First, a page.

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Mayor Karl Dean came to the legislature this morning to plead for expanding the number of children who can attend charter schools. Under present law, failing students or students who attend failing schools are eligible. Additionally, at-risk students in grades K-3 can attend, but their numbers are limited to 25 percent of enrollment. A bill by Rep. Beth Harwell, R-Nashville, would expand eligibility to any child receiving federally subsidized lunches, which in Nashville is 70 percent of the kids.
Dean is bucking the state teachers' union, which denounced Harwell's bill during today's House K-12 subcommittee hearing.Tennessee Education Association lobbyist Jerry Winters called charter schools "outside operators" and said they would "cherry pick" good students and leave regular public schools in a financial bind.
"It opens the state up to cherry picking. They can go out and recruit these kids to blow the tops out of tests. There's no way this bill wouldn't have an enormous financial impact on what I consider to be regular public schools. It might be good politics. But it's not good policy. I find it rather offensive that we have to talk about going outside this state to bring in people to tell us how to run our schools. It's absolutely improper, incorrect. We've got some very smart people in Tennessee who can make the right decisions."
Memphis school officials also are against the change. They say it would mean virtual open enrollment in Memphis, where 83 percent of students would become eligible. They want to postpone any reforms until a task force studies the issue. The task force hasn't yet met. Memphis probably will win this fight. Memphis legislators outnumber Nashville's five-to-one on the House Education Committee. The subcommittee is supposed to vote next week.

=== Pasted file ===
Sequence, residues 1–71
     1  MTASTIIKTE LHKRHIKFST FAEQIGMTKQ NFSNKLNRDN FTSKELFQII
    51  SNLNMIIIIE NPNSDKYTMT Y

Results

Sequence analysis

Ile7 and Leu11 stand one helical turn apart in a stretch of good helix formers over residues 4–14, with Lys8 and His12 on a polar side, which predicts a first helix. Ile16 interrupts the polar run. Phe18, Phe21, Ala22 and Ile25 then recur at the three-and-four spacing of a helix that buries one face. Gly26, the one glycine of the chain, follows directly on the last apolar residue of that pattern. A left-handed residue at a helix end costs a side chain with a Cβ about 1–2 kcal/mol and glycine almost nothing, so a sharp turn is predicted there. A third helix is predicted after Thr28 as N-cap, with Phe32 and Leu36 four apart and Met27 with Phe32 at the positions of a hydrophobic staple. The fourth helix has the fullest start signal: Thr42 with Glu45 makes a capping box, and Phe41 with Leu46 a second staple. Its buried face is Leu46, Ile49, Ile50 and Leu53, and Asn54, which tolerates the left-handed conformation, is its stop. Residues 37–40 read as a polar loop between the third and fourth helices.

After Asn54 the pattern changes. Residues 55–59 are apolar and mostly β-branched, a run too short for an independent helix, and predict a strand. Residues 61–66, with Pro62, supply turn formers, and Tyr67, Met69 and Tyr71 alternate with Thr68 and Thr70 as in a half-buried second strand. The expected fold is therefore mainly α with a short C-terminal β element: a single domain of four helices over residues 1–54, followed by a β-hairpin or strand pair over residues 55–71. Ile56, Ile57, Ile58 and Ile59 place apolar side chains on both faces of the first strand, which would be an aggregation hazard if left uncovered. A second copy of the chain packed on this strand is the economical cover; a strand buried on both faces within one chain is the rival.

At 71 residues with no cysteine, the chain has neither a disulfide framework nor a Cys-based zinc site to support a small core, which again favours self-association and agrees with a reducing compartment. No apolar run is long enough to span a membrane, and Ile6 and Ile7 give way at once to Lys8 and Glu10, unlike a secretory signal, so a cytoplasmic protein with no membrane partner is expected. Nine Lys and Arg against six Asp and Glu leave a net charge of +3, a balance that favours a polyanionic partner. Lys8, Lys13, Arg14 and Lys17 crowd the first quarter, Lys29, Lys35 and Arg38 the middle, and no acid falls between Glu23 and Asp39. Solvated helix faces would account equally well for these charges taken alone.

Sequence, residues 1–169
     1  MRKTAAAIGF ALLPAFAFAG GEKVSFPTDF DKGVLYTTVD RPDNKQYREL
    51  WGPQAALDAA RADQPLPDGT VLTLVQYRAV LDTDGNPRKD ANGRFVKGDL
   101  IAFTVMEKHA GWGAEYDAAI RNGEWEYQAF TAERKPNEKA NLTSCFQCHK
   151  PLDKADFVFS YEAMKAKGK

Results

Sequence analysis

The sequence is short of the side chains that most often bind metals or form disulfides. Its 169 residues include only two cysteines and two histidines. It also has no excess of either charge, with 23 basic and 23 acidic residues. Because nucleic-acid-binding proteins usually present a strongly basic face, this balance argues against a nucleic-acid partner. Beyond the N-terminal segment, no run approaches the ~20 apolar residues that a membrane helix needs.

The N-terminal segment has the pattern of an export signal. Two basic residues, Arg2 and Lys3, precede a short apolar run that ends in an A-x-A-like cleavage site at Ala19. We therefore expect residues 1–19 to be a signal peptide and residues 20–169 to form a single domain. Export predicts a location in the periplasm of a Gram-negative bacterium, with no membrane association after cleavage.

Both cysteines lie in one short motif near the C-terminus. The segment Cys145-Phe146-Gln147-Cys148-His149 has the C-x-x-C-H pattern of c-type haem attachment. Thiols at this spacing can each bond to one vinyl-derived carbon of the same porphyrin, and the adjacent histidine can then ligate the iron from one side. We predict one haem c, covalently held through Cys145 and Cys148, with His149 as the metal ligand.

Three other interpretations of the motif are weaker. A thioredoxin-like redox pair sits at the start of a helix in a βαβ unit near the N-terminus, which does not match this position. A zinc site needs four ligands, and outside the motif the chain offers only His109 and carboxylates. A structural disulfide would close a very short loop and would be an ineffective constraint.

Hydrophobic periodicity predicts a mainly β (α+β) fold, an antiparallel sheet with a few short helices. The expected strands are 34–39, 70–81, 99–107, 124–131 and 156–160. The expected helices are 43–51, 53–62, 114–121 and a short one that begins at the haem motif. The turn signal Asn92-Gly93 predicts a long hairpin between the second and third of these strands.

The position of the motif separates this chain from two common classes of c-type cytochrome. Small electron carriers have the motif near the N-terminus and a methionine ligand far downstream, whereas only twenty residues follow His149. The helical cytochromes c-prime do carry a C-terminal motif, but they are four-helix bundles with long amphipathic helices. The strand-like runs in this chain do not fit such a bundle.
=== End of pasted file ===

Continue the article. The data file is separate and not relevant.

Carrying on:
Dean said the city could use 20-25 charter schools, but present law hinders Nashville's ability to recruit nonprofit companies to run them. National foundations are supposedly ready to help Nashville if student eligibility is expanded. He pointed out that Metro schools have failed to meet achievement standards for the past five years. Excerpts from the mayor's comments:
"We cannot be afraid to innovate. We need it. I'm asking you as a mayor of a city that's in this position, give us this tool. We need this tool."
"I love this city and I want to see our schools succeed. But let's not forget, for five consecutive years we have not met the standards under No Child Left Behind in this city. We cannot keep doing things the same way."
"If the law remains the same ... the national charters will not come here. We have basically sent the message out to the rest of the country that we are not in the market to have these charters come to our state. They're not going to go to places that make it impossible for them to succeed. If a charter school is failing, then close it. You got to have high standards. But there are charter schools all over that are achieving outstanding success, and we need to be part of that."